Roger Waters left Pink Floyd in 1985. In his mind the band was a “spent force” creatively. Perhaps with him still in the band, it was. He wrote all the songs on The Final Cut. Rick Wright was out of the band after The Wall shows were complete in 1981. David Gilmour’s guitar provides little more than a cameo to most of the songs, and he sings lead on only Not Now John. Nick Mason was replaced by Andy Newmark for the album finale, Two Suns in the Sunset. Gilmour wanted to wait so he could contribute songs to The Final Cut, but Waters didn’t want to wait. In essence, The Final Cut was Roger Waters’ first solo album. It didn’t sound like a Pink Floyd album at all.
Both David Gilmour and Roger Waters put out solo records in 1984 [About Face and The Pros and Cons of Hitchhiking, respectively]. Kurt Loder reviewed both albums for Rolling Stone magazine. He concluded About Face showed that Gilmour had the patent on the Pink Floyd sound. Gilmour and Mason decided to make more music under the Pink Floyd banner. They even brought back Rick Wright to drive that point home. Although both Mason’s and Wright’s names appeared in the album credits for A Momentary Lapse of Reason, neither played very much on the record. The album was essentially a David Gilmour solo album as there were lots of outside studio musicians on the album. Like The Final Cut, A Momentary Lapse of Reason didn’t sound like a Pink Floyd album. But since Gilmour was still in Pink Floyd and Waters was not, Gilmour had another opportunity to make a Pink Floyd album that sounded like Pink Floyd. With The Division Bell, released eighteen years ago this week, Gilmour succeeded in making that album. The Division Bell turned out to be the last Pink Floyd studio album [the live album PULSE came out the in 1995].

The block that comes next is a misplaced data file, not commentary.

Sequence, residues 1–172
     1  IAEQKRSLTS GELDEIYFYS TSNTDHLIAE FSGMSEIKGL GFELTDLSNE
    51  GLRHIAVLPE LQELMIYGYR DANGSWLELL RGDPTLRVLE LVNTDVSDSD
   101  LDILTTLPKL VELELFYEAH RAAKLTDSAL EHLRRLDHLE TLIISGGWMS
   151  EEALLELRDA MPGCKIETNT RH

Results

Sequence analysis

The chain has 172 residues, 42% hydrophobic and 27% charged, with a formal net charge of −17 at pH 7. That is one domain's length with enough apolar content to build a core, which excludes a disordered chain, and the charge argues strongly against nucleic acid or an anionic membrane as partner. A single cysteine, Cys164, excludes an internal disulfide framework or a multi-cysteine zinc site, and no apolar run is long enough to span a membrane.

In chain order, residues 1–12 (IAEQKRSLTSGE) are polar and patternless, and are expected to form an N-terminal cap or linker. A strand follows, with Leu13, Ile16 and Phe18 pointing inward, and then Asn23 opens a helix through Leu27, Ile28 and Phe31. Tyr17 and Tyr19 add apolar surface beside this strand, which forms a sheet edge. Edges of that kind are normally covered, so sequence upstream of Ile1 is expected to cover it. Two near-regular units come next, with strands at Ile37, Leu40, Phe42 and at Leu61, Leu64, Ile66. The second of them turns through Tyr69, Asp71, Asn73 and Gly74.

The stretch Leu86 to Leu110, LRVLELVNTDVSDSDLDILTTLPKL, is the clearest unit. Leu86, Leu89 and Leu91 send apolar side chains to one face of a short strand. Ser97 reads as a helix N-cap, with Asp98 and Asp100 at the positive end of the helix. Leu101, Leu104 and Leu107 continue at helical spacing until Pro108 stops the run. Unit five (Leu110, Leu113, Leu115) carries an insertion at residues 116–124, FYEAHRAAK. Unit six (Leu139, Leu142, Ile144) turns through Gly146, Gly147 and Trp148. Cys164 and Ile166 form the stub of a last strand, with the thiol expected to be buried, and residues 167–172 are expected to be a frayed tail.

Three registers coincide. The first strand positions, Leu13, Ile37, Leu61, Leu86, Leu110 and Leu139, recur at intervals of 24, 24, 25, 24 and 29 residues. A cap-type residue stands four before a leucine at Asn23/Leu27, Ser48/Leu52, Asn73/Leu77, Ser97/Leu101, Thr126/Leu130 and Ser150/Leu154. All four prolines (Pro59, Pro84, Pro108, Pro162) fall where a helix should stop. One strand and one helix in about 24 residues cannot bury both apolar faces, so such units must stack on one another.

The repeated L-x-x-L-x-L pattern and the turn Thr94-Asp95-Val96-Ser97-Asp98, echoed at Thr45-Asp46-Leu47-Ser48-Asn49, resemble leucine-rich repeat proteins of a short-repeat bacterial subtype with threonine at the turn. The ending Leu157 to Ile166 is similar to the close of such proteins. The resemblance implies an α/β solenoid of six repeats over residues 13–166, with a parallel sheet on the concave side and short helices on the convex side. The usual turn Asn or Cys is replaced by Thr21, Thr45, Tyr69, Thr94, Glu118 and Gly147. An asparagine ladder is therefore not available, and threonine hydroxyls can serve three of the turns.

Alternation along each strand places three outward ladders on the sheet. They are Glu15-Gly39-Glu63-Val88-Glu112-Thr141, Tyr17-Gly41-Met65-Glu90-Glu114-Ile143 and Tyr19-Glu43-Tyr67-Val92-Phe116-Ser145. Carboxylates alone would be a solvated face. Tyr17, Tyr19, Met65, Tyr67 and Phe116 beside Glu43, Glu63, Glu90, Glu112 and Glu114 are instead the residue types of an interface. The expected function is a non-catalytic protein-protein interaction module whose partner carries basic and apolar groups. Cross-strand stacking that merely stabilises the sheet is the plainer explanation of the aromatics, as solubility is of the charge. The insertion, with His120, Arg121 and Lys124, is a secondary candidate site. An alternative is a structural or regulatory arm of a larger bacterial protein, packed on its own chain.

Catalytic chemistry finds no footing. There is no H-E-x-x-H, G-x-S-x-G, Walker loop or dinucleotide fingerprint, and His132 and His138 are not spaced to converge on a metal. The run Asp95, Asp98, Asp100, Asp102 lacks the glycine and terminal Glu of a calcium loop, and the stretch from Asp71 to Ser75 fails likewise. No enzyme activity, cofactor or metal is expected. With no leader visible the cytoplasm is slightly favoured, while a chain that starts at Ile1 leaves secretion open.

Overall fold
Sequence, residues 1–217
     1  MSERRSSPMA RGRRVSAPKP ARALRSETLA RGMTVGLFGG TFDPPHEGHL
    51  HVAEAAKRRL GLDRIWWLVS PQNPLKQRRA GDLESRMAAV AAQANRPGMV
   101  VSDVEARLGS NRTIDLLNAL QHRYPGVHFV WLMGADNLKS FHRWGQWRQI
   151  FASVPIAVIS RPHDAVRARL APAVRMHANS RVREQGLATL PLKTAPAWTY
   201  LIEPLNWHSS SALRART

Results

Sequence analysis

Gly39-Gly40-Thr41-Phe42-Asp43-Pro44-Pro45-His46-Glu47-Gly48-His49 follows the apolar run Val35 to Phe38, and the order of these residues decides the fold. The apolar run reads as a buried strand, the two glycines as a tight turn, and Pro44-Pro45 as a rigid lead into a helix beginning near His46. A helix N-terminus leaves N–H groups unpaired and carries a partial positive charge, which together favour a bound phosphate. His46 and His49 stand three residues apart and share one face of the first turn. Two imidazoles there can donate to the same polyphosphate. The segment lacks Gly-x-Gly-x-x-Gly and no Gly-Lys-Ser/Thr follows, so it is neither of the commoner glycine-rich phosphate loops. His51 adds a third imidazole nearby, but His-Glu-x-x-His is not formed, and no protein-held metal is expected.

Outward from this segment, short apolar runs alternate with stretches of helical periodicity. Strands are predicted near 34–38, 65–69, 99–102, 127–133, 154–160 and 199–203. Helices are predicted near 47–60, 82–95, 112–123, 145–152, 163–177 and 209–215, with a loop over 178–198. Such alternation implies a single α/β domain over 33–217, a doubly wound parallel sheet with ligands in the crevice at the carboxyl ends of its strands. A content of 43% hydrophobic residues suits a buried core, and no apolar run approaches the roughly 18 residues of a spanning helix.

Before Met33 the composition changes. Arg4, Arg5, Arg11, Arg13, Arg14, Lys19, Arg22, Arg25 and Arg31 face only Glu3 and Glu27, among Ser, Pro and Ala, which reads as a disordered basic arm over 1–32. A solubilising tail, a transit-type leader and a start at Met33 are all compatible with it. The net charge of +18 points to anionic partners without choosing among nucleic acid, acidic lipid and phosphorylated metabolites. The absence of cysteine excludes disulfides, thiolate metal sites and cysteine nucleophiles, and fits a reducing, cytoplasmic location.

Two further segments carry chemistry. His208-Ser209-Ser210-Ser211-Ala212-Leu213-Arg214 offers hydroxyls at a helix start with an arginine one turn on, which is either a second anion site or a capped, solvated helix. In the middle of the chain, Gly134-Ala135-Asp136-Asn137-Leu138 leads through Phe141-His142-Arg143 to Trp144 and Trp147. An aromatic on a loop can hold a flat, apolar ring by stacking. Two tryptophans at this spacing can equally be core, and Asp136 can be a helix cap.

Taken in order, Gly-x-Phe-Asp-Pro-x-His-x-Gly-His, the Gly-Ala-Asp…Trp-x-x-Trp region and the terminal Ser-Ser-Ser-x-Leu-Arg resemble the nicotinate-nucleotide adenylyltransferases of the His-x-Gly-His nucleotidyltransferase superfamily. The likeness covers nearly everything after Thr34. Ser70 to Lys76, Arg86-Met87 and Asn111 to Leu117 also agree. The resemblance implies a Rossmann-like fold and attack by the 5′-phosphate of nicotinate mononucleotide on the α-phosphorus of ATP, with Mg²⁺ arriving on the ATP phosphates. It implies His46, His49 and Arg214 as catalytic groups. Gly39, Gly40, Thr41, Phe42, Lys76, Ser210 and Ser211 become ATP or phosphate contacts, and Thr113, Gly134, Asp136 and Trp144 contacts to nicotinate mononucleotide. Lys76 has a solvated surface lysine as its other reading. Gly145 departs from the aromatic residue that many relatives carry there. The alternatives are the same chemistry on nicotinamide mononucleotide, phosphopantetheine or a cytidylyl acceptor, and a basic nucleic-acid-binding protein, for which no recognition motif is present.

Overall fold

Cluster One – The Division Bell begins with this Gilmour/Wright piano/guitar duet. Unlike Signs of Life from A Momentary Lapse of Reason, this isn’t an overture. Cluster One just goes on its own merry way until…
What Do You Want From Me – This song from Gilmour/Wright shows something one rarely finds in David Gilmour’s recorded work – anger, mixed in with a heavy dose of frustration. Gilmour asks his listening public what they want from him – should he sing until he can’t sing anymore, should he play until his hands bleed? Should he play in the rain for them? The guitar work is some of the nastiest on the album, reminiscent of another song from a different time [Have a Cigar from Wish You Were Here]. Where Have a Cigar was a jaundiced look at the music business and all that is wrong with it from Roger Waters, David Gilmour has an equally jaundiced view of his audience, at least in this instance anyway. Rick Wright’s keyboards makes one think this is a Wish You Were Here outtake. It definitely has that WYWH sound.
Poles Apart – I don’t know why, but I don’t like this one – I never did. It annoys me.
Marooned – Another instrumental which won a Grammy.® Gilmour communicates with bats on his lap steel.
A Great Day For Freedom – Whenever one hears a David Gilmour or Pink Floyd song with a reference to a “wall” one is tempted to think “A-ha! This one is directed at Roger Waters.” Sorry folks, but the wall in question here was the Berlin Wall. On the day the wall came down they threw the locks onto the ground, and with glasses high we raised a cry for freedom had arrived… But as the celebration of freedom goes on in Berlin, conflict is brewing anew in another land – Yugoslavia. Now life devalues day by day as friends and neighbors turned away, and there’s a change that even with regret cannot be undone… Now frontiers shift like desert sands as nations while wash their bloodied hands, of loyalty, of history in shades of grey… Gilmour sang this at the Solidarity celebration in Gdansk, Poland in 2006.